By David Gibson
Religion News Service
VATICAN CITY (RNS) Ahead of his formal installation as pontiff on Tuesday (March 19), Pope Francis is sending clear signals that he intends to lead a papacy markedly different from his predecessor -- and perhaps different from that of any other pope in modern times.
In weekend meetings with the cardinals who elected him and in encounters with parishioners after Mass on Sunday, in a Saturday audience with journalists and in his first public appearance since his election, Francis set a tone of informality and approachability and indicated that it was no longer business as usual in the church.
As he concluded a Saturday morning meeting with some of the thousands of reporters who have been covering the papal transition, Francis said he would bless the group, but out of respect for their differences would not make the sign of the cross over the gathering. "Given that many of you do not belong to the Catholic Church, (and) others are nonbelievers, I give this blessing from my heart, in silence, to each of you, respecting the conscience of each one, but knowing that each of you is a child of God," he said, to applause.
At the same event, Francis went off script to explicitly mention both the church's "virtues and her sins." In highlighting again his emphasis on solidarity with the poor, he indicated that it should extend beyond mere charity. "How much I would like a poor church, for the poor!" the pope exclaimed.
Also on Saturday, Francis reappointed the heads of Vatican departments of the scandal-plagued Roman Curia, as expected, but did so only provisionally. The Vatican stressed that the pope "wants to take some time to reflect, pray and discuss before making any definitive appointment or confirmation." When Benedict XVI was elected in 2005, he reappointed all the curial chiefs for the rest of their five-year terms, locking in a dysfunctional management team that was the focus of much criticism from the cardinals who elected Francis to clean house.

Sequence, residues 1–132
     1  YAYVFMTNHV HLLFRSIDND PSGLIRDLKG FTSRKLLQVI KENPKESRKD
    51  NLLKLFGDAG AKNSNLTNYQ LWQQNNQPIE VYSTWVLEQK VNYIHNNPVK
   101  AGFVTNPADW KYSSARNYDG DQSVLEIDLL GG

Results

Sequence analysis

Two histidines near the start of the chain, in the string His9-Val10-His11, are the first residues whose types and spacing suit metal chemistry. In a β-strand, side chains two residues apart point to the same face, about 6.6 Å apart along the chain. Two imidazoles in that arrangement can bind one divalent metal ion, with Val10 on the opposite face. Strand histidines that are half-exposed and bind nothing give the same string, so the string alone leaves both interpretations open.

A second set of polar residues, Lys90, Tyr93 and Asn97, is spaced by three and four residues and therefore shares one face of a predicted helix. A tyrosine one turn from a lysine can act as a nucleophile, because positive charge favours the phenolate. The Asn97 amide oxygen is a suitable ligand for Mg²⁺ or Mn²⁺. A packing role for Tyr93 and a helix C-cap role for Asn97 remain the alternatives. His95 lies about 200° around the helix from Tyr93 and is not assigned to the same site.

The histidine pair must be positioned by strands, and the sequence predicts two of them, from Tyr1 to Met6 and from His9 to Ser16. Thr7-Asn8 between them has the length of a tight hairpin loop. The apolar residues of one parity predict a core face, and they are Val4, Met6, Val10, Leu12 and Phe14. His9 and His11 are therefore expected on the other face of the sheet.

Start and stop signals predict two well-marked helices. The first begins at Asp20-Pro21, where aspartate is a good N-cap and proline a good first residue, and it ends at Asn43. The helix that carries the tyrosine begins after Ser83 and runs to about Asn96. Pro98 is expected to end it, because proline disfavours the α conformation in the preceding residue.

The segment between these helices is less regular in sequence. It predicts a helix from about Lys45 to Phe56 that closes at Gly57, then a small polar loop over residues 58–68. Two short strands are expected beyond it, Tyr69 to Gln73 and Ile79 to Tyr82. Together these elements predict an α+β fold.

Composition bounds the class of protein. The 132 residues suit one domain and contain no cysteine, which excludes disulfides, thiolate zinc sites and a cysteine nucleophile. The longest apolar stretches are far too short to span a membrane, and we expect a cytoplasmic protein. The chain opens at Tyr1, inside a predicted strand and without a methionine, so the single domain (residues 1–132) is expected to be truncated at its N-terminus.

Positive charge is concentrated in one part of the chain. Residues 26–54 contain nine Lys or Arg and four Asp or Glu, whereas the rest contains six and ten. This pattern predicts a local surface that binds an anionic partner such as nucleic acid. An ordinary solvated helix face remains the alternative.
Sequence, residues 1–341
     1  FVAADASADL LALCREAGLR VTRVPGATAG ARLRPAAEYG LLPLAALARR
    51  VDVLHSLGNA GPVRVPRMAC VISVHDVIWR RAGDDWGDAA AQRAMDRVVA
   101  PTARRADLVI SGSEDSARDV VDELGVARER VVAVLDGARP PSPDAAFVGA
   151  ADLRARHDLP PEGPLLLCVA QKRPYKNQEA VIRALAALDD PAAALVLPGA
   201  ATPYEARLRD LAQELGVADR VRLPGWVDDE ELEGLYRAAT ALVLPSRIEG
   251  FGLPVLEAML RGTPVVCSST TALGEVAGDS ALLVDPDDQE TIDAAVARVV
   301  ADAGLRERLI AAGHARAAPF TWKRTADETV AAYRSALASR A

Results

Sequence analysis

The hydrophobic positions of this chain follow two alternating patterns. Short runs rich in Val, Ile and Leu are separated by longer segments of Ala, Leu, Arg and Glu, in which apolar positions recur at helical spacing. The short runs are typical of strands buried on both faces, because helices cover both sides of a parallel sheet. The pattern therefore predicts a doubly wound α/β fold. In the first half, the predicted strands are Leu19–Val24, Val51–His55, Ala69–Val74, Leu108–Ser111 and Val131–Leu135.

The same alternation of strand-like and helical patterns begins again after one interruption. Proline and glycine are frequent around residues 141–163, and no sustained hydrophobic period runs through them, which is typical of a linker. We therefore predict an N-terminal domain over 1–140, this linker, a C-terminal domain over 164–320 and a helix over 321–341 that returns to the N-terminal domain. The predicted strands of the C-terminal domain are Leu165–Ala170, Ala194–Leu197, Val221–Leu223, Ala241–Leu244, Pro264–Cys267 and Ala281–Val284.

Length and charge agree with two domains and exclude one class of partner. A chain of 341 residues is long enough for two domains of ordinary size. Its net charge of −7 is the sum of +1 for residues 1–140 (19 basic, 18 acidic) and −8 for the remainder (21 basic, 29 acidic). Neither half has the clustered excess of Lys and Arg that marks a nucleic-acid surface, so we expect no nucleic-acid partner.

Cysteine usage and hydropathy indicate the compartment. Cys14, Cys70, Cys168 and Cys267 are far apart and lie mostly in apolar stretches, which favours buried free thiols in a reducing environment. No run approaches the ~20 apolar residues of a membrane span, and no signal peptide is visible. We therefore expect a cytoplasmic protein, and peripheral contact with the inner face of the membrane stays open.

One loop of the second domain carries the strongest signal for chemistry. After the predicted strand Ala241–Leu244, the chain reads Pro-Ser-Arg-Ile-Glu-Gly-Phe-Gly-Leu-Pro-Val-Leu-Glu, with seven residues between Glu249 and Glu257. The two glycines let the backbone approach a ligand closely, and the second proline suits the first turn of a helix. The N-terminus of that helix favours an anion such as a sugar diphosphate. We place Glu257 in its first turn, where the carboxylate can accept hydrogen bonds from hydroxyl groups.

On Sunday, appearing from his apartment window overlooking St. Peter's Square, Francis recited the Angelus prayer with a huge and enthusiastic crowd of more than 150,000. In the midst of his brief and informal reflection, he praised by name the writings of Cardinal Walter Kasper, "a very sharp theologian," he said. Kasper's desire to open the church to reform has prompted sharp debates over the years with Benedict.
Earlier Sunday, the pope celebrated Mass at the small parish church of the Vatican, St. Ann's, just inside the Vatican gate, and stopped outside afterwards to greet each worshipper and kiss children on their heads as if he were the parish priest. He even stepped out of the gate onto the street where passersby got close enough to pat him on the back. His security detail appeared less enthusiastic about the outing.
Francis also continued to stress his role as the new Bishop of Rome, first among equals rather than the boss of all other bishops. He continued to refer to his "brother cardinals," and at every liturgy and at meals he insisted on standing or sitting with the bishops and priests instead of taking the special place reserved for the pope. Vatican experts saw that as an important sign of the kind of collaborative leadership model many have been looking for.
Above all, Francis continually displayed an informality that prompted writers to dub him "the casual pontiff."
His homilies and talks in the first days of his pontificate were usually unscripted and brief -- often just a few minutes -- and were filled with simple wisdom and sincerity and quips.
"Don't think that I am doing publicity for the books of my cardinals!" he said after mentioning Kasper's writings to the crowd on Sunday.
He also shunned the papal limousine and continued to wear the creaky black shoes that he had on when he arrived in Rome from Argentina for the conclave. And he told the cardinals to wear simple black cassocks when they came to see him rather than the more formal red choir robes with white linen-and-lace surplices.
"So long, Papal ermine and fancy lace! Welcome, simple cassock, and hopefully, ordinary black shoes! St. Francis must be overjoyed!!" tweeted an ecstatic Cardinal Roger Mahony of Los Angeles.
New York Cardinal Timothy Dolan told NBC's "Today" show that he's noticed "little signs that send signals." Yet such signals are important, especially following the pontificate of Benedict, who took an intense interest in wearing the most elaborate and extravagant vestments, including a pair of red leather shoes.
By contrast, Francis has been stressing God's love and forgiveness, as he did in his homilies on Sunday.
"We too, I think, are this people who, on one hand want to listen to Jesus, but on the other, sometimes we like to beat up on others, condemn the others," he said.
"The message of Jesus is mercy," he added. "For me, and I say this with humility, mercy is the strongest message of the Lord."